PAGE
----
Ann Grossman, a Midwest farmer's daughter who is winless in six years on the tour, outlasted seventh-seeded Julie Halard of France, 1-6, 6-3, 6-1, on Saturday in the semifinals of the Virginia Slims of Los Angeles in Manhattan Beach.
Grossman advanced to today's final against Sabine Appelmans of Belgium or Amy Frazier.
Grossman has made three-setters a habit during the tournament, going the distance in four of five matches. She put together three-set upsets of second-seeded Martina Navratilova in the third round and No. 5 Zina Garrison-Jackson in Friday's quarterfinals en route to her first final of the year.
Halard, who was the highest seeded player in the semifinals, raced through the first set in 26 minutes.
"I was just really stiff and I wasn't reading the ball that well," Grossman said of her slow start in the 120-degree playing conditions. "I just hung in there and came up with some huge shots and I think that frustrated her."
Grossman began her turnaround in the sixth game of the second set when Halard netted a service return. She won eight consecutive games to even the match at a set apiece and take a 4-0 lead in the third.
Halard, who defeated Grossman in three sets in their only other meeting in 1991 on hard courts, completely unraveled at the end of the second set. She double faulted three times, including set point.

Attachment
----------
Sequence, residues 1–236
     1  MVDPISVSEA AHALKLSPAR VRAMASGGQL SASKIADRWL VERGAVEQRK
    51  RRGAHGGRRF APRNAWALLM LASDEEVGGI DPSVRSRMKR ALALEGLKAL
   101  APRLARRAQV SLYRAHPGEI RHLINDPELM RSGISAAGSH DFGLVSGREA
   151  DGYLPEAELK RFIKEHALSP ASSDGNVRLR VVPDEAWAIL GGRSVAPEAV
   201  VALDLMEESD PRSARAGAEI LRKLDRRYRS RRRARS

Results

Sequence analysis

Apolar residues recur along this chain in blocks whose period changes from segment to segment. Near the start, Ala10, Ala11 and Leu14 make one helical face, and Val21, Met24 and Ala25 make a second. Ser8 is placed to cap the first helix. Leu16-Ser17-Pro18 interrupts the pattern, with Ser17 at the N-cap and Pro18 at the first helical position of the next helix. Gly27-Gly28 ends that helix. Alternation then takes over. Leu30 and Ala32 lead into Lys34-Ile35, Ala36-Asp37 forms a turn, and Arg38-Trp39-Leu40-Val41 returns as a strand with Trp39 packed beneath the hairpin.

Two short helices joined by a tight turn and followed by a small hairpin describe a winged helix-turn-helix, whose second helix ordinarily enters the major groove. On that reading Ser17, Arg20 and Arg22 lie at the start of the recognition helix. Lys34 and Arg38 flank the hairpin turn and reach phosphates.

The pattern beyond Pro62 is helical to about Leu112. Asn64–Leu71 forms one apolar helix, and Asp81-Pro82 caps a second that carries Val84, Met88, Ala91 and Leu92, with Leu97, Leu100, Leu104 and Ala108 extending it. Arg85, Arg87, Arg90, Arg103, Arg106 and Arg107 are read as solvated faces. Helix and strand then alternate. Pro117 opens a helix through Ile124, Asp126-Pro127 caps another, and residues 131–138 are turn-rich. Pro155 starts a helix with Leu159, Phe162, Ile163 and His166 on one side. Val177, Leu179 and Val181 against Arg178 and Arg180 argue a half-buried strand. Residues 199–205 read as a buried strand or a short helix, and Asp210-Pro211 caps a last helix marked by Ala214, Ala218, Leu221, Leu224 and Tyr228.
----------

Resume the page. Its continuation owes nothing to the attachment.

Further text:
"I wasn't feeling good this morning," said Halard, who is ranked 18th. "I knew I could win this match. I had chances, but I just couldn't fight anymore."
Halard salvaged only one of four service breaks in the third set and meekly netted a forehand service return on match point.
"I came out playing pretty dumb, but I worked my way into it," Grossman said. "If things are going that bad and I can turn things around, that says something. I mentally broke her down and I was physically stronger."
Grossman, 23, grew up on a farm outside Columbus, Ohio, hitting balls against a plywood wall her father installed in the family's cement-floor barn. With cows as her company, Grossman practiced the groundstrokes that usually keep her glued to the baseline.
"This is where it's all paying off," said Grossman, whose father died three years ago.
Ranked 46th, she has been in eight finals since turning pro in 1988 and lost them all.
Grossman was hopeful that reaching the final would make her front-page news in today's Columbus (Ohio) Dispatch sports section. The aspiring model still lives in suburban Grove City.
"They had an article about it but I wasn't on the front page," she said. "I was like, 'Come on, it doesn't get any better. What do I need to do?' "